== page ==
The Alphonso had a variety of uses and seems to have led an interesting life! The 55-foot schooner-rigged sharpie was built in Williston in 1911 by Zephaniah “Zeff” Willis for Theodoshia (“Dosh”) Davis and his two sons Robert Lee and Blanchard Davis. The builder received $300 for the project, not including sails and paint. The full cost was estimated to be $350. Wayne Willis noted:
The logs the Alphonso was built from were cut with cross cut saws in the Oyster Creek Swamp, skidded with a team of oxen by Dosh and his sons to Lon Willis’ sawmill at Howland Point… The logs were sawed into lumber by Warren Piner and then hauled on a sharpie to Canfield’s planning mill in Morehead City. There it was dressed and hauled by a sharpie back to Williston where Zeff built the boat.
Although powered by sail in the first two years, the Alphonso was fitted in 1913 with a 20 HP gasoline engine. In 1916 the Alphonso was repowered with a 35 HP engine.
Captain Dosh Davis had the Alphonso built to run freight to New Bern. “The Alphonso was one of the freight boats of that era that hauled fertilizer from the Meadows plant [in New Bern] to Carteret County,” Wayne Willis stated. He described the route:
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The route that the Alphonso ran at that time took her from Davis north through Core Sound to Wainwright Slough and then up the Neuse River. She would bring back freight through the Harlowe Canal coming out in Beaufort where she would stop to discharge freight items. Then…proceed on to the next series of stops until she returned to her homeport of Davis.
Captain Harry Frisbee of Davis used the Alphonso to dredge oysters in the early 1930s, according to Willis. Captain Frisbee also happened to operate the first Post Office in Davis. A local historian reported that Frisbee, a Connecticut native, subscribed to a New York newspaper, and “on mail days all the community would gather at the post office, not only to get their mail but to hear Captain Frisbee read his paper.”
In 1938 the Alphonso was converted to a menhaden vessel by Wallace Fisheries of Morehead City. Crews used a purse seine net to catch large numbers of the oily, bony menhaden, and the Alphonso was used to transport the load to a shoreside factory where the fish was cooked, pressed, and dried, producing fishmeal and oil. Carteret County had numerous menhaden plants, and maintained a viable menhaden fishery until the last plant closed in 2005.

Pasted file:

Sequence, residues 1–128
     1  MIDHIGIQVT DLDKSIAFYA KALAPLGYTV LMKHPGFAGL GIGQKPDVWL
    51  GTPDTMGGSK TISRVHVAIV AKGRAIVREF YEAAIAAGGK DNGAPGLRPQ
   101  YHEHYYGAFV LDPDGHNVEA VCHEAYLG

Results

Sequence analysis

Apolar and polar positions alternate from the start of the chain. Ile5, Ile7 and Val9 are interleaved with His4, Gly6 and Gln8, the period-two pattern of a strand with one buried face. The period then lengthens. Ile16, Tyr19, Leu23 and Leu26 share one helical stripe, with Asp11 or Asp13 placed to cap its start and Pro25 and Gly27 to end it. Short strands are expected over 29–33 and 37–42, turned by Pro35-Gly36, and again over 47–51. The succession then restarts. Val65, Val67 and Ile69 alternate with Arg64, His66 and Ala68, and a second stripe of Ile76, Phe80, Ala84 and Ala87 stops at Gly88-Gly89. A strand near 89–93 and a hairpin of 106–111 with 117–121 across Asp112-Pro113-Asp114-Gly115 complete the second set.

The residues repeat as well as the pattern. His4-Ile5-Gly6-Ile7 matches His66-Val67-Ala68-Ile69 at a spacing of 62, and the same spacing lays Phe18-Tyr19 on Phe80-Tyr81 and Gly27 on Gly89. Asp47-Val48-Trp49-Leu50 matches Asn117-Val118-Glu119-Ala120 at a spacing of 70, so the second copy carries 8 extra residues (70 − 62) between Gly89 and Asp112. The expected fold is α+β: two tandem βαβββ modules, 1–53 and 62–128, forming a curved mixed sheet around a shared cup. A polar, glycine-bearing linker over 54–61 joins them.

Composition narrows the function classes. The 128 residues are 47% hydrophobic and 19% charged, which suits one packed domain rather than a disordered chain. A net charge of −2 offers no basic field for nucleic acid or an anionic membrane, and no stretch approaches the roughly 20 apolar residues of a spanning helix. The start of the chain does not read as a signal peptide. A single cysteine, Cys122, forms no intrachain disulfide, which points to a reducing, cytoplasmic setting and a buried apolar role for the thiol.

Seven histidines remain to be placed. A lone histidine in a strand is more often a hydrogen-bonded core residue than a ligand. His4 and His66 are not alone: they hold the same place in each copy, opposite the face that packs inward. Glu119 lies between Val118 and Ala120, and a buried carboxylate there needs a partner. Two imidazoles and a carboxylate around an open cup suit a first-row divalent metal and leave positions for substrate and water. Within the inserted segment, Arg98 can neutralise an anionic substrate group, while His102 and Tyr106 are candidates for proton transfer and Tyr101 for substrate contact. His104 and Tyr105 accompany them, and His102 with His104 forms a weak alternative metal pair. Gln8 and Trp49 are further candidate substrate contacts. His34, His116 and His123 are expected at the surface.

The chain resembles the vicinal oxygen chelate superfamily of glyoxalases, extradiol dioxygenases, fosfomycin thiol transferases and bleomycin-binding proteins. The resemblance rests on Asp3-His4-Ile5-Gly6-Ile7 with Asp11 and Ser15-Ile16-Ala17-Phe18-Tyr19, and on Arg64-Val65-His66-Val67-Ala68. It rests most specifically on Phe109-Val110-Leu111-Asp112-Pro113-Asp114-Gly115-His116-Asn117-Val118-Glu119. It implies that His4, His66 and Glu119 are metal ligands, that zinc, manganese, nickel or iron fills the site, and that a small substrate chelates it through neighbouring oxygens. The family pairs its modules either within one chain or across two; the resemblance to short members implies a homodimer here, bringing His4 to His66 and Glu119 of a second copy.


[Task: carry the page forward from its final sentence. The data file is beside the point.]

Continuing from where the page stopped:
Ottis Purifoy of Ottis’ Fish Market bought the Alphonso in 1945 and used her as a fishing boat.
Grayden Paul, keen to promote the maritime history of Beaufort in honor of the town’s 251st anniversary, obtained the Alphonso in 1960 and converted her into a maritime museum. The vessel was beached along the waterfront across the street from the Post Office, and “Museum of the Sea” was painted on the hull. Tours were free and self-guided, and for eighteen years, visitors were treated to a variety of maritime artifacts, seashells, and other specimens.
“The Alphonso was ultimately a victim of the Beaufort Historical Society” wrote David Cecelski, “which, in a curious fit of pique, had her burned by the local fire department to be rid of the old girl.” Beaufort Historian Mary Warshaw added, “After 18 seasons, the 77-year-old vessel, home of numerous artifacts, was considered unsafe for public use and was burned by Beaufort firemen.”
Wayne Willis noted that the Alphonso thus “got her last job as the first home to the Maritime Museum,” true in the sense that the “Museum of the Sea” was Beaufort’s first maritime-related attraction. But today’s North Carolina Maritime Museum got its start as a quirky collection on Pivers Island in the early 1900s and then became the Hampton Marine Museum in Morehead City in 1951 before relocating to Beaufort in 1970. The North Carolina Maritime Museum was thus not born in the belly of the Alphonso; it did, however, inherit the old boat’s collection of maritime curiosities in 1978.